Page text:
Williams v. Shelby County Board of Education, No. 2:2017cv02050 - Document 254 (W.D. Tenn. 2021)
Court Description: ORDER Granting in Part 247 Plaintiff's Motion to Reconsider and Calculating Prejudgment Interest. Signed by Judge Thomas L. Parker on 2/23/2021. (ljt) (Main Document 254 replaced on 2/23/2021) (ljt).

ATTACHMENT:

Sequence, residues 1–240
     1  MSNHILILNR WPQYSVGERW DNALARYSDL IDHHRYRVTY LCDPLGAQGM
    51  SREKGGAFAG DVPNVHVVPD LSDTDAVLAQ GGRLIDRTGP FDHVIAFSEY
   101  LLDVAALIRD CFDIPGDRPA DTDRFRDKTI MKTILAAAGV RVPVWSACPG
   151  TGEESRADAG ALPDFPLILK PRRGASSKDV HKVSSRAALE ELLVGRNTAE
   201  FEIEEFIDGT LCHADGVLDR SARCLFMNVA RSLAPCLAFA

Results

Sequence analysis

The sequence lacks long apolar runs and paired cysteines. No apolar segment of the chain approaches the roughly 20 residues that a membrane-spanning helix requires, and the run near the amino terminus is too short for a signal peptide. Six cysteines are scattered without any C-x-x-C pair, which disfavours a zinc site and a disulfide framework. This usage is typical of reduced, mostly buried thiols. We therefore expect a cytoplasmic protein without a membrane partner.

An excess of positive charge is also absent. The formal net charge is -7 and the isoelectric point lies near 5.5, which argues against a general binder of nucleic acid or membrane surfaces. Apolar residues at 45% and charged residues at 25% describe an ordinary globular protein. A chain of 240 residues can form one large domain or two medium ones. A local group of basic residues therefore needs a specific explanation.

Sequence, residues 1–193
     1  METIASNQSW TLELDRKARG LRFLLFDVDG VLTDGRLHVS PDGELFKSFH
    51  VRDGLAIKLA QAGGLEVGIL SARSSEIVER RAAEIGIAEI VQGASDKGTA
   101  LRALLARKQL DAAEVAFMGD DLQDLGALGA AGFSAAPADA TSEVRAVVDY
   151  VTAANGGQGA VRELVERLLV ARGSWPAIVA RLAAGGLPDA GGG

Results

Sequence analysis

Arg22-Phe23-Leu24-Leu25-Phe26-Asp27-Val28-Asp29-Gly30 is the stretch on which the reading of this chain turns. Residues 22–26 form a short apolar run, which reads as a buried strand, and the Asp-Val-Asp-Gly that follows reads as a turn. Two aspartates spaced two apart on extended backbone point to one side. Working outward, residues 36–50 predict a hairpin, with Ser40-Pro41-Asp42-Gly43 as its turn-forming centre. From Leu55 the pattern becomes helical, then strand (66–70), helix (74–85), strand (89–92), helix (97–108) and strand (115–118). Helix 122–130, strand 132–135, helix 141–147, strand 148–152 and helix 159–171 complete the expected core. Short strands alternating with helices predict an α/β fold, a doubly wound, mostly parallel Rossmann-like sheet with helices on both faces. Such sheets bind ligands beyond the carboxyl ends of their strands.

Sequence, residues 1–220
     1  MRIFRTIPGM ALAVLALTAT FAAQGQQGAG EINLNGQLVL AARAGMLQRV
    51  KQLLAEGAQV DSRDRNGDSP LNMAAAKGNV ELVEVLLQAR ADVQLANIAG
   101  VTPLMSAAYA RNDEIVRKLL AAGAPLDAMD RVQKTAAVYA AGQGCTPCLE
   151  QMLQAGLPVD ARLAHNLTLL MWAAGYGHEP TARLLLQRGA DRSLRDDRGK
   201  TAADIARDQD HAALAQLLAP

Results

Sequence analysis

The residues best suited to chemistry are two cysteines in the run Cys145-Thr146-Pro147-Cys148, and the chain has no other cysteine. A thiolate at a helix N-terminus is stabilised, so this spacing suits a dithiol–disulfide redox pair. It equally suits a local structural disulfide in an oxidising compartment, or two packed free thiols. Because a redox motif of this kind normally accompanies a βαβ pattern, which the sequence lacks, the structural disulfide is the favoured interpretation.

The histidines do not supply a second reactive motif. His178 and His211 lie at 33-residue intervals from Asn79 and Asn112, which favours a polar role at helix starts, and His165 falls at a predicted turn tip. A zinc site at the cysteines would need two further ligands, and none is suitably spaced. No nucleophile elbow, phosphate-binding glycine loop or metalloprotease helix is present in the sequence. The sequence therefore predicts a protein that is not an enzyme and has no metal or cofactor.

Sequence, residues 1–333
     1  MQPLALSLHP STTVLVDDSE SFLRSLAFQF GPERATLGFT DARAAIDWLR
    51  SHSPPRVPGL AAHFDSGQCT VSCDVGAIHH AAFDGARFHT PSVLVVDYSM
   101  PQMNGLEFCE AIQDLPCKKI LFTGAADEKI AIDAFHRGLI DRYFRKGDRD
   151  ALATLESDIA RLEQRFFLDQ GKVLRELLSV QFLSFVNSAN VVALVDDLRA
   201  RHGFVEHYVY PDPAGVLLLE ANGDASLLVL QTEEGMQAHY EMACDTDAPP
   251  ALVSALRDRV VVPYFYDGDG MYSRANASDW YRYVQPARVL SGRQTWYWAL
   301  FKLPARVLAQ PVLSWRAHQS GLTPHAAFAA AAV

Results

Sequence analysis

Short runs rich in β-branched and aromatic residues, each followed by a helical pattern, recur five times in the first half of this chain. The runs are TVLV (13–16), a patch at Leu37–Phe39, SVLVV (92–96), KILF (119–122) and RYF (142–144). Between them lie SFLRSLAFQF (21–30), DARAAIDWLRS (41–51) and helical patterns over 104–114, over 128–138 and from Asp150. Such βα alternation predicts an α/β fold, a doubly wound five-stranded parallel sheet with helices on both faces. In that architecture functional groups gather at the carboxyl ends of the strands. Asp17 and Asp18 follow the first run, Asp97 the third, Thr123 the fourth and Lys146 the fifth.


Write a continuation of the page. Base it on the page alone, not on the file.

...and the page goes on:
No. 250 at PageID 7032.) And she could have corrected the parties’ miscalculations in her reply brief as well. In fact, Plaintiff acknowledges that she made a mistake. (ECF Nos. 247-2 at PageID 7012; 253 at PageID 7045.) And Defendant, presumably, made a mistake in its calculations as well. (See ECF No. 241 at PageID 6972.) The Court notes that this is one of its oldest cases on this Court’s docket. And mistakes like this one only add to the delay. With all this in mind, it is likely that Plaintiff could have exercised reasonable diligence to discover that Defendant paid her in twenty-six, not twenty-four, pay periods. But in any event, the Court finds that denying Plaintiff’s motion to reconsider would result in manifest injustice under Rule 54(b). See Rodriguez, 89 F. App’x at 959. Though Sixth Circuit cases “do not offer clear guidance as to what qualifies as ‘manifest injustice,’ . . . the plain meaning of those words is instructive.” Volunteer Energy Servs., Inc. v. Option Energy, LLC, 579 F. App’x 319, 330–31 (6th Cir. 2014). “[M]ore than a clear error is required; injustice must also result.” Id. District courts in this circuit have further found that “manifest injustice requires that there exist a fundamental flaw in the court’s decision that without correction would lead to a result that is both inequitable and not in line with applicable policy.” United States v. Allen, No. 14-20191, 2020 WL 4592901, at *1 (E.D. Mich. Aug. 11, 2020) (quoting McDaniel v. Am. Gen. Fin. Servs., 5 Case 2:17-cv-02050-TLP-jay Document 254 Filed 02/23/21 Page 6 of 10 PageID 7069 Inc., No. 04-2667, 2007 WL 2084277, at *2 (W.D. Tenn. July 17, 2007) (internal quotation marks omitted)). The Sixth Circuit’s decision in Volunteer Energy Services is instructive here. 579 F. App’x at 330–331. There, the plaintiff failed to raise a claim to ongoing commission payments at trial. Id. at 330. The plaintiff then moved the district court to amend its judgment to require the payments. Id. The district court granted the motion, finding that it would be a manifest injustice not to do so. Id. On appeal, the Sixth Circuit found that the district court correctly reconsidered its order. Id. The court found that the error was obvious because the agreement plainly provided for ongoing commission payments. Id. at 331. And the court found that “the error would have resulted in injustice—i.e. a wrong, want of equity, or unfairness—in not giving [plaintiff] its due desert.” Id. (internal quotation marks omitted). Though the motion at issue in Volunteer Energy Services was a motion to reconsider a judgment, not an interlocutory order, the Sixth Circuit’s analysis still applies here. This Court found that Plaintiff was entitled to back-pay without offset from her termination on March 7, 2016, through October 30, 2018. (ECF No. 237 at PageID 6948.) It was therefore an error not to award Plaintiff the full amount of her back-pay during that period. Like in Volunteer Energy Services, it would be “a wrong, want of equity, or unfairness” not to award Plaintiff the full amount of back-pay that Defendant owes her. See Volunteer Energy Servs., 579 F. App’x at 331. Plus, the Sixth Circuit found that it would be manifest injustice not to award ongoing commission payments to the plaintiff in Volunteer Energy Services, even though the plaintiff could have raised the argument earlier in the proceedings. Id. Likewise, Plaintiff here could 6 Case 2:17-cv-02050-TLP-jay Document 254 Filed 02/23/21 Page 7 of 10 PageID 7070 have corrected her mistake before the Court entered its order. 1 But this does not change the fact that denying Plaintiff her full back-pay award would be a manifest injustice. In the end, the Court finds that the parties and the Court miscalculated Plaintiff’s backpay award, and that it would be a manifest injustice not to reconsider its order awarding Plaintiff only $192,988.02 in back-pay. The Court therefore GRANTS Plaintiff’s motion to reconsider, and ORDERS Defendant to pay Plaintiff $211,019.73 2 plus prejudgment interest. II. Interest Rates under Tenn. Code Ann. § 47-14-103(2) In its order on Plaintiff’s Teacher Tenure Act damages, the Court noted that neither party argued that the prejudgment interest rate fell within Tennessee Code Annotated § 47-14-103. (ECF No. 246 at PageID 7005 n.6.) And as a result, the Court awarded prejudgment interest of 5% under § 47-14-123 and found that “[t]he parties may file a motion with the Court if a different interest rate applies under § 47-14-103(2).” (Id.) Plaintiff now argues that “an award of back-pay would be more appropriately classified as ‘all other transactions’” under § 47-14-103(3). (ECF No. 247-2 at PageID 7013.) But she provides no basis or support for this argument. (Id.) Nor does she provide any evidence that the interest rate in § 47-14-103(2) applies here. Plus, even if this Court applied § 47-14-103(3), that statute establishes the maximum interest rate only and 5% is within the range for that statute. 3 1 The Court also recognizes that Plaintiff did, in fact, realize that the parties’ back-pay calculations were incorrect before the Court entered its order. Plaintiff, however, is proceeding pro se and did not understand how to raise the issue to the Court. (See ECF Nos. 253 & 253-1.) 2 The Court followed Plaintiff’s proposed back-pay calculation to arrive at this amount. (See ECF No. 247-4.) Defendants waived any dispute with this calculation because they failed to address it in their response. 3 What is more, the Court applied § 47-14-123 which establishes the same maximum interest rate as § 47-14-103(3). 7 Case 2:17-cv-02050-TLP-jay Document 254 Filed 02/23/21 Page 8 of 10 PageID 7071 All in all, Plaintiff does not argue that the Court should reconsider the prejudgment interest rate because there is new law or evidence. See W.D. Tenn. R. 7.3(b). Nor does she argue that the Court failed to consider material facts or legal arguments presented to it, or that the Court made a clear error. Id. And she fails to present any evidence that either § 47-14-103(2) or (3) apply here. As a result, the Court DENIES Plaintiff’s motion to reconsider its findings about her prejudgment interest award. The Court awards Plaintiff prejudgment interest at a rate of 5% only. (See ECF No. 246 at PageID 7005.) PREJUDGMENT INTEREST CALCULATION The Court directed both parties to submit proposed calculations of prejudgment interest to the Court within ten days of the Court’s order on Plaintiff’s Teacher Tenure Act claims. (ECF No. 246 at PageID 7006.) Plaintiff submitted proposed calculations with her motion for reconsideration. (ECF No. 247-4 at PageID 7021.) Defendants did not submit any proposed calculations. This Court awarded Plaintiff prejudgment interest of 5% under Tenn. Code Ann. § 47-14123. (ECF No. 246 at PageID 7005.) Tennessee courts have often calculated prejudgment interest under the simple interest method by applying the annual interest rate to the judgment amount, from the date the cause of action accrued to the date the court entered judgment. See, e.g., Myint v. Allstate Ins. Co., 970 S.W.2d 920, 927 (Tenn. 1998). In fact, the Tennessee Supreme Court has found that “[b]y the plain meaning of its terms,” § 47-14-123 does not allow for compound interest awards. Otis v. Cambridge Mut. Fire. Ins. Co., 850 S.W.2d 439, 446–47 (Tenn. 1992). Indeed, “[t]o interpret the statute to mean compound interest is authorized constitutes a forced construction that impermissibly extends the intent of the legislature.” Id. And so, the court found that an award of prejudgment interest under the statute “should be 8 Case 2:17-cv-02050-TLP-jay Document 254 Filed 02/23/21 Page 9 of 10 PageID 7072 calculated at simple interest with a 10% per annum cap.” Id. This Court, therefore, finds it should award simple interest here. But this case is also unique. Though Plaintiff’s damages began accruing after Defendant wrongfully excised her in March 2016, the final amount of her back-pay award was not certain until October 2018, when Defendant authorized Plaintiff’s termination. (ECF Nos. 46-1 at PageID 313–14; 122-3.) “An award of prejudgment interest is within the sound discretion of the trial court.” Myint, 970 S.W.2d at 927. And using that discretion, that Court finds that prejudgment interest should start on October 30, 2018—the day Defendant authorized Plaintiff’s termination and finalizing the calculation of her back-pay. (See ECF No. 122-3 at PageID 3326.) The prejudgment interest period runs until the Court enters judgment, which the Court will do after entry of this order. The Court now explains its prejudgment interest calculations. The Court awarded prejudgment interest at 5% per annum. Five percent of $211,019.73 4 is $10,550.99. And dividing that number by 365, the number of days in a year, equals $28.91 per day. This means that Plaintiff is entitled to $28.91 in prejudgment interest per day between October 30, 2018 and today, February 23, 2021. There are 848 days between those dates. Multiplying 848 by $28.91, the Court finds that, as of the date of the entry of this order, Plaintiff is entitled to $24,515.68 in prejudgment interest. The daily rate of pre-judgment interest will accrue until the earlier of this Court entering its judgment or when Defendants pay the amount owed. CONCLUSION In conclusion the Court GRANTS IN PART Plaintiff’s motion to reconsider. The Court revises its back-pay award but does not reconsider the prejudgment interest rate. The Court 4 As previously discussed, this is the amount of Plaintiff’s back-pay award. 9 Case 2:17-cv-02050-TLP-jay Document 254 Filed 02/23/21 Page 10 of 10 PageID 7073 further ORDERS Defendant to pay Plaintiff $211,019.73 in back-pay, plus $24,515.68 in prejudgment interest. SO ORDERED, this 23d day of February, 2021. s/Thomas L. Parker THOMAS L. PARKER UNITED STATES DISTRICT JUDGE 10